T.I. Previews His Forthcoming LP, Paper Trail, For MTV News

Clearly, Tip's time under house arrest wasn't only spent building the Eiffel Tower out of Legos ...

The lyrics made it sound like T.I.’s pen was actually a match.

The King of the South was igniting each track with a viciousness that could well have fans and critics calling his forthcoming Paper Trail LP (due August 12) his best since Urban Legend.

Clearly, Tip’s half-year-plus under house arrest wasn’t just spent building a huge replica of the Eiffel Tower out of Legos (“It took me two straight days,” he said of his work). The MC — who recently said he’s not angry that he only came in at #10 on MTV News’ “Hottest MCs in the Game” — found escapism in his music and, as he played a handful of tracks from his forthcoming album, at times he sounded better than we’ve ever heard him.

There are boasts such as “Without the braids, I’m the closest thing to O-Dog” and admonishment of peers like, “What the game need with you? They got me.”

Yes, Tip is “back on top like a toupee.”

“Turn My Beat Down” feels like a 2008 version of LL Cool J’s “Boomin’ System.” The bass is turned all the way up and the synths inject a futuristic feel to it. Meanwhile, Tip experiments with his voice, but his message is clear: His sounds shake up the city.

“People see me in the street now/ And they wave and tell me to turn my beat down,” he raps on the chorus.

“You’re a– in trouble if you pull up next to me/ Beat so loud, you can’t hear yourself think,” he adds in a verse.

“On Top of the World” is one of the strongest contenders for the album’s first single. It stars the newest member of the Grand Hustle fam, B.O.B., on the hook and Kanye West on a guest verse.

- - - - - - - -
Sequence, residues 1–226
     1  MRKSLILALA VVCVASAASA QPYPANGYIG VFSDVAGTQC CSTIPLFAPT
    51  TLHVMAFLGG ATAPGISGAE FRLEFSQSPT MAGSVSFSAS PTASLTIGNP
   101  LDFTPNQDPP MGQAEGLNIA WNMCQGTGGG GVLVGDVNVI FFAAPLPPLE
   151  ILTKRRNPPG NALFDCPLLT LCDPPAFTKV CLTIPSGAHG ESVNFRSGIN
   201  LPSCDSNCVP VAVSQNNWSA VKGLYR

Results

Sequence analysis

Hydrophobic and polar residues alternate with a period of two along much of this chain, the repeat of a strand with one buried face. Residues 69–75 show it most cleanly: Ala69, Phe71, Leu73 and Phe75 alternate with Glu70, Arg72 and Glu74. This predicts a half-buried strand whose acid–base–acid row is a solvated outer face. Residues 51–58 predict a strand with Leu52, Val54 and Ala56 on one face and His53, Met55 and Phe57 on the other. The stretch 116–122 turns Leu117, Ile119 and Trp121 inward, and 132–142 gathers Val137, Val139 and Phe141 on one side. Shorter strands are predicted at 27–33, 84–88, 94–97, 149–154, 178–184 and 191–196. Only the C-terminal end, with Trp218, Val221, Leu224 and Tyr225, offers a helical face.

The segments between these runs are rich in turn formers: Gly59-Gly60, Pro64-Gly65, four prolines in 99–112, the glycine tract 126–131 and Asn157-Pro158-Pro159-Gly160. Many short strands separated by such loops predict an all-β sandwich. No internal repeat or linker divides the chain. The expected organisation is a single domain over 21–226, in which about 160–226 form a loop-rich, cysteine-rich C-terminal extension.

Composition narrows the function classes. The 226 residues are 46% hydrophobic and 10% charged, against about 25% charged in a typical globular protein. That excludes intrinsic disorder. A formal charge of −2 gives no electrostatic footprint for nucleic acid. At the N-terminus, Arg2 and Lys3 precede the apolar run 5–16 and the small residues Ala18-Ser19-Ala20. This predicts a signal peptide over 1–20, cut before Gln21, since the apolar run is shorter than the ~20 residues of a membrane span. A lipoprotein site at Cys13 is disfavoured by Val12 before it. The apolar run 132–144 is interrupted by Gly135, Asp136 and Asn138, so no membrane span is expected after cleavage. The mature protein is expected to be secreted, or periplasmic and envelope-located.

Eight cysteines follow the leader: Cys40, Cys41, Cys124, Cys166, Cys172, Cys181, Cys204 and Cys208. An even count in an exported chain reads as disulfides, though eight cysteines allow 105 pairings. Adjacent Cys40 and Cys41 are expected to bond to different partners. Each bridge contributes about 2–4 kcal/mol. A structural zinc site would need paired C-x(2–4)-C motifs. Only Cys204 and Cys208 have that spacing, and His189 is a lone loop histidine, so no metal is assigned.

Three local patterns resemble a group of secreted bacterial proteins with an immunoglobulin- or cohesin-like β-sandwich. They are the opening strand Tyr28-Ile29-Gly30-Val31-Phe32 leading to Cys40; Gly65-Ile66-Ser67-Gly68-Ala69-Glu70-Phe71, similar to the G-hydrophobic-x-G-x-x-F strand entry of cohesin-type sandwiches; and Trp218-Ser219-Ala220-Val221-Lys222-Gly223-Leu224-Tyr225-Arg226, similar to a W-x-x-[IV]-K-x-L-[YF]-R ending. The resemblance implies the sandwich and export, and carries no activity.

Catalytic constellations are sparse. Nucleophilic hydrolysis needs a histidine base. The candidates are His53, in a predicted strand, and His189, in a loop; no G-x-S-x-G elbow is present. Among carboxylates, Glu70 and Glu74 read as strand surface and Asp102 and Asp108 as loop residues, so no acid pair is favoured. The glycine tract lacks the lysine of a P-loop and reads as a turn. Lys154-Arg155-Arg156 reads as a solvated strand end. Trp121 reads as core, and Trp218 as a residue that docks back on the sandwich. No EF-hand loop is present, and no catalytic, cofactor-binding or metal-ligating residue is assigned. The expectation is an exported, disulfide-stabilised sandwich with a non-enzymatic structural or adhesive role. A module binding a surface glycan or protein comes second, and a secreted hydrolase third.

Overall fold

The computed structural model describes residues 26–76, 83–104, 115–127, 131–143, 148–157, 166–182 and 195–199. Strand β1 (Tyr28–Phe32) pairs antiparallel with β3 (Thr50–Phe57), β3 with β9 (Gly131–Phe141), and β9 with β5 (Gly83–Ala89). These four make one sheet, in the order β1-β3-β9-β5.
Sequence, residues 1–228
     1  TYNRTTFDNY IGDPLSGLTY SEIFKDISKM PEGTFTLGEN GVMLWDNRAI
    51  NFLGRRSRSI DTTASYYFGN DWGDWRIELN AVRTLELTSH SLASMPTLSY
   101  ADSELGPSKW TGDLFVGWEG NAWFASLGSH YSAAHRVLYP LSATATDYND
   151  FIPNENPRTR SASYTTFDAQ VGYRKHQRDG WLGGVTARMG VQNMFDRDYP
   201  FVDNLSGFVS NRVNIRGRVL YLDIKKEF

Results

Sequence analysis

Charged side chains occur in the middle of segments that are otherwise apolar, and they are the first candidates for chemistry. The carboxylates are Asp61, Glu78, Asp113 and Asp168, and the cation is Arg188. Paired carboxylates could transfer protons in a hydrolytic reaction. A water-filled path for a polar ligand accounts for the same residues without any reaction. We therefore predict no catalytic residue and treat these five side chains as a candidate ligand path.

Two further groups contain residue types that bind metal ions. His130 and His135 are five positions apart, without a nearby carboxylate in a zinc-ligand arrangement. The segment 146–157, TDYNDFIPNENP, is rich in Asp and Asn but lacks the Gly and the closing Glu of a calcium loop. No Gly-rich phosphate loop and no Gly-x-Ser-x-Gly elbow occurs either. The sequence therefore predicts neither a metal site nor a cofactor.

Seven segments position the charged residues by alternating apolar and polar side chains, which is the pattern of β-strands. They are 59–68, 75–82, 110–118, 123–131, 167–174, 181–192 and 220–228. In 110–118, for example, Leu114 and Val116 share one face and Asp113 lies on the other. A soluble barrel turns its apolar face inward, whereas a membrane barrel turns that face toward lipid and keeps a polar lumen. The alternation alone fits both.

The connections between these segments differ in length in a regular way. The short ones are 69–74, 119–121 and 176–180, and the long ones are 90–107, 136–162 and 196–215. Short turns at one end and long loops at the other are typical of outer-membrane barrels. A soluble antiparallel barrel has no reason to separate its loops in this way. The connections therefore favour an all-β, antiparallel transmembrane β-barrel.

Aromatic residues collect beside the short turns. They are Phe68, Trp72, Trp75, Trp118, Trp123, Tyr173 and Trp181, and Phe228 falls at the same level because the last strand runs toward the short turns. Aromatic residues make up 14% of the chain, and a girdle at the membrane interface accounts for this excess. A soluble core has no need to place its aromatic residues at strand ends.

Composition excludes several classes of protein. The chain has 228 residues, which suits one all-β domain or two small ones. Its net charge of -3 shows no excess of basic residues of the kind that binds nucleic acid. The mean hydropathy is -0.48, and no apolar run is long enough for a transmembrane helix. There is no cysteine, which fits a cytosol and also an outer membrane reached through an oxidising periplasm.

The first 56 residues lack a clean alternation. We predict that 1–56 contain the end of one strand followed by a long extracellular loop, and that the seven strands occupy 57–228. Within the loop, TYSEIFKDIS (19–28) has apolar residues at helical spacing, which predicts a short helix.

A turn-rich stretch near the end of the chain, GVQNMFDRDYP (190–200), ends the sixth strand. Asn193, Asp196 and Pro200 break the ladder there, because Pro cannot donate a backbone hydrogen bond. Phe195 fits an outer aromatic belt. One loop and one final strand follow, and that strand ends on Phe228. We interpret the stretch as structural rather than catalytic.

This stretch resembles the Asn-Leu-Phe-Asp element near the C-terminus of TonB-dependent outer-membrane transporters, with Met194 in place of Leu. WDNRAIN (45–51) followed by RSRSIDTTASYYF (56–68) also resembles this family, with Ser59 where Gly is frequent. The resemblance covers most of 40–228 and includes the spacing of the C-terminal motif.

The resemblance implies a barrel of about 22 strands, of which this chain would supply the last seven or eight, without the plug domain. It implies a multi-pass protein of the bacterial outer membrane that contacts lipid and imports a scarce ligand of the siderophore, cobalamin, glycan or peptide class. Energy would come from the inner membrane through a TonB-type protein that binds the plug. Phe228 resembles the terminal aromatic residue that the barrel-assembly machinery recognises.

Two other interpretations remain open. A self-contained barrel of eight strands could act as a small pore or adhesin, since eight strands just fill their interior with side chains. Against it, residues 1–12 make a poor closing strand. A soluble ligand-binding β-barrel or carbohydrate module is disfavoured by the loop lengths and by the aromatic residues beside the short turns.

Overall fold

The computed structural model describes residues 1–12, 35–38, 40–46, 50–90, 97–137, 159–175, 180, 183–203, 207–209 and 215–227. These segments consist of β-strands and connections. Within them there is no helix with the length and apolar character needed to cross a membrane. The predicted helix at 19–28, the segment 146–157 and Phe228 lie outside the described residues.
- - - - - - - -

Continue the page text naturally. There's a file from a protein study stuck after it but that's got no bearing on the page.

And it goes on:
“It’s just a track of reflection,” Tip said of the song. “Looking back to my humble beginnings, just reveling on how far I’ve come. It’s definitely a record that people like Kanye and I … and even B.O.B. [can relate to]: when you’re on the outside looking in and you know you’re good. You know you’re worthy of being in the game. You know you can compete on a professional level. And once you prove that, it’s a level of self-assurance. I can’t even describe that.”

Tip dances with self-doubt on “My Life, Your Entertainment.”

“Kids, you don’t wanna be like me/ It’s safer to watch me on TV,” he says in one line. Later, he threatens to return to a darker space.

“Stayed in trouble just to show these suckers I ain’t lost it/ I’ll probably do it again/ That’s the funny thing about it.”

However, he said “not at all” when asked if he’d do some of the things that caused him to face serious trouble before — something he’ll also address in his forthcoming reality series with MTV. “It’s back there [in my mind]. It’s a piece of my mind that I have to be honest with you and share with you. It’s a thought. If that thought is not there, I’d never be able to check myself. I’d never be able to say, ’Be careful: You know what could happen.’ If I totally discredited the idea, I could never check myself.”

“My life, your entertainment,” he chants on the hook. “My sorrow, your amusement/ Laugh at my pain and anguish/ So famous I could lose it.”

“For a long time, people came home and got they TVs on, looked at the news, just to see how my situation developed and entertain themselves,” he explained of the record. “In the meantime, it’s my life. People on the computer saying, ’T.I. this, T.I. that. They just said T.I. couldn’t do that.’ They comment. They don’t know nothing about T.I.”

The message of “Collect Call” is clear: “Everybody loves you when you ballin’/ Don’t nobody want you when you fallin’.”

“That song is about when you’re on top, everybody wants to ball with you, but when you’re not, you probably wouldn’t know who to call” explained Tip, who raps on the song, “Everybody talking about me like a n—a just died.”

“I’m Illie” is an A-Town anthem that resonates with T.I.’s boasts about being the man in charge.

“Never been f—ed in the game, I’m celibate,” he declares. The song’s chorus goes, “N—as talk sh–, that’s silly/ I run this city, clearly … Tell that little n—a I’m busy: I’m illaaayy!”

“That’s just cats saying they want that old Trap Muzik flow back,” he said. “That nonstop, consistent punch-line-and-metaphor wordplay. I gave them that.”

T.I. hasn’t picked out a first single for the LP yet: He’s still recording.